• September 16, 2015 at 2:47 pm

        For some reason John the website won’t let me post a reply via the ‘reply’ button.

        I just wanted to respond to your answer that I totally agree with you about acceptance. So many of us struggle on trying to battle or defeat our problems instead of ‘going with the flow’ and accepting. This isn’t easy for many though as it is instinctive to try and overcome it with our feelings both mental and physical. The calmer state reached by acceptance does speak for itself :-).

        Reply
      • September 16, 2015 at 6:22 pm

        Hi, Cappy,

        Your post took here – not sure why that happened with trying to respond (sorry about that). I like what you shared here a great deal. Acceptance can be a wonderful thing. The key is to not place shame around our issues (aka anxiety) or try to make it something we need to “purge”. I can feel the Zen calmness in your response πŸ™‚

        Reply
  • September 16, 2015 at 2:19 pm

    Hi John, Thanks for another great post. As an advocate for OCD awareness I so appreciate when accurate information is shared. So much of what you write about (as in not avoiding) helps explain why exposure and response prevention (ERP) therapy is the front line treatment for OCD. My son had OCD so severe he couldn’t even eat and today he is a young man living life to the fullest, thanks to ERP. I recount my family’s story in my recently published book, Overcoming OCD: A Journey to Recovery.

    Reply
    • September 16, 2015 at 2:31 pm

      Hi, Janet,

      I appreciate you visiting the blog. I really love hearing from other people with OCD like yourself who are all about spreading awareness. It sounds like your son has learned to channel his OCD into something positive. Glad ERP has helped him! I will be sure to check out your book for sure and I am glad you mentioned here!

      Reply
  • September 17, 2015 at 12:40 am

    Very good article. I’m going to post it on my “Panic and Anxiety” board. How I wish I’d had this information in 1975! There was nothing at that time so I was a regular visitor to the library and bookstores to look for much needed help. Long story story but 40 years later I still struggle a little with panic and depression. Yes, I’m on meds and they’ve helped tremendously, in my case. I’ve also had therapy through the years. To everyone out there struggling so very hard, you are not alone. It may sound corny but I wish I could give every one of you a hug and tell you not to give up. Thank you, Dr. Moore for helping us!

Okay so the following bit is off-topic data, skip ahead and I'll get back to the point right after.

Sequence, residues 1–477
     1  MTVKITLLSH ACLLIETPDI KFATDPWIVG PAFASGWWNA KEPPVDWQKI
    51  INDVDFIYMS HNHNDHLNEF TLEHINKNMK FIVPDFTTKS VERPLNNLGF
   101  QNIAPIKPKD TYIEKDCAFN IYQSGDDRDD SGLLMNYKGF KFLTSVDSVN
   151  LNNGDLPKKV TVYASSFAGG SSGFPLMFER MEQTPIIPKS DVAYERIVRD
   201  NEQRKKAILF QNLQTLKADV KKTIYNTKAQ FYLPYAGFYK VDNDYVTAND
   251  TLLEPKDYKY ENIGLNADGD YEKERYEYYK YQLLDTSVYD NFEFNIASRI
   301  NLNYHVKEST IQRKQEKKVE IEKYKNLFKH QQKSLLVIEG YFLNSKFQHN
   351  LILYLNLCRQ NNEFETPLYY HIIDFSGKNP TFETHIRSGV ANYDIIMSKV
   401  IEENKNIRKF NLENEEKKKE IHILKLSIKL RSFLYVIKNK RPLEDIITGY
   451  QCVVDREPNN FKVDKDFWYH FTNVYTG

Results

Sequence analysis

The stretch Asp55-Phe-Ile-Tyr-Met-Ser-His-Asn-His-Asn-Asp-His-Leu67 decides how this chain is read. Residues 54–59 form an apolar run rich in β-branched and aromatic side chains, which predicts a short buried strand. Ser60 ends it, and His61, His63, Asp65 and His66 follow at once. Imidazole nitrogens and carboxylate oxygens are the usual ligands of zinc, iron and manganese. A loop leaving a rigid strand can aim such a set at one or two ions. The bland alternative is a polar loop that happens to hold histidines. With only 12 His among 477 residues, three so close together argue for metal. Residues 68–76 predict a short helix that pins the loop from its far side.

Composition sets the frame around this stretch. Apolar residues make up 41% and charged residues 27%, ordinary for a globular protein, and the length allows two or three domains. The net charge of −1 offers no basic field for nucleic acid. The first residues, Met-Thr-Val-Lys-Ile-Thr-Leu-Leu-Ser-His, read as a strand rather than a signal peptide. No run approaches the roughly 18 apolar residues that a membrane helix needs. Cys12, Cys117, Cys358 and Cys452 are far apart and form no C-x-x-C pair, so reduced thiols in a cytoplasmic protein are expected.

Reply
    • September 17, 2015 at 12:57 pm

      Hi, Camille,

      Sorry that I am just able to respond to this. SO glad this post can be of help to your group. I also appreciate the personal story you shared here with your own struggle with anxiety. Your words are so helpful to others reading!

      John

      Reply
  • September 17, 2015 at 12:28 pm

    Hi John,

    I don’t entirely agree that thought stopping increases anxiety or that the thoughts don’t go away. My understanding is that thought stopping shouldn’t be used with brute force, in which case it does serve denial and it reinforces the anxious thought. However thought stopping used gently can interrupt rumination and obsessive thoughts. Applied that way it gives people practice in choosing thoughts on which they focus. In that sense can thought stopping be another form of radically accepting that the thought appears but choosing to act according to your values, similar to what’s done in ACT?

    Thanks,
    Gary Seeman, PhD

    Reply
    • September 17, 2015 at 12:55 pm

      Hi, Gary,
      I hear you on thought stopping. I used to be an advocate of this approach myself. After doing some research, I have learned that it really does not help someone in the long term. Here are some anxiety myths you might find interesting that speaks to what we are talking about – published by Anxiety and Depression Association of America. http://www.adaa.org/understanding-anxiety/myth-conceptions

      I do think that focusing our attentions on the here and now and acknowledging anxiety is happening in the moment helpful for sure. And yes – totally with you on how thought stopping in the context of obsessive thoughts (used gently) can help someone. In fact, as an OCDr I have done this. I agree with you too on the similarities with ACT that you mentioned!

      Thanks for the response πŸ™‚

      Reply
      • September 17, 2015 at 1:15 pm

        Hi John,

        Thank you for your response. I believe our brief conversation here is an example of where a tool works for some people in some situations and not others. If one is using thought stopping in a long-term way, then they’re likely using it as resistance instead of a gentle practice in refocusing. There’s a long tradition of learning to manage one’s mind using meditation, where different practices are used at progressive stages. Where a practice is helpful at first, it can become a hindrance. I have come across thought stopping in a traditional meditation manual, where gentle and forceful thought stopping are described and the commentator advises only doing forceful thought-stopping under guidance of a qualified teacher. Similarly, many of the techniques we write about here are useful for self-help, but if a person feels stuck it can help to consult with a qualified psychotherapist.

        Gary

        Reply
      • September 17, 2015 at 1:22 pm

        Hi, Gary,

        Yep – totally with you on this for sure! And you and I have not even started talking about mindful meditation and allowing thoughts to float away in clouds yet πŸ™‚ Glad you stopped by!

        John

        Reply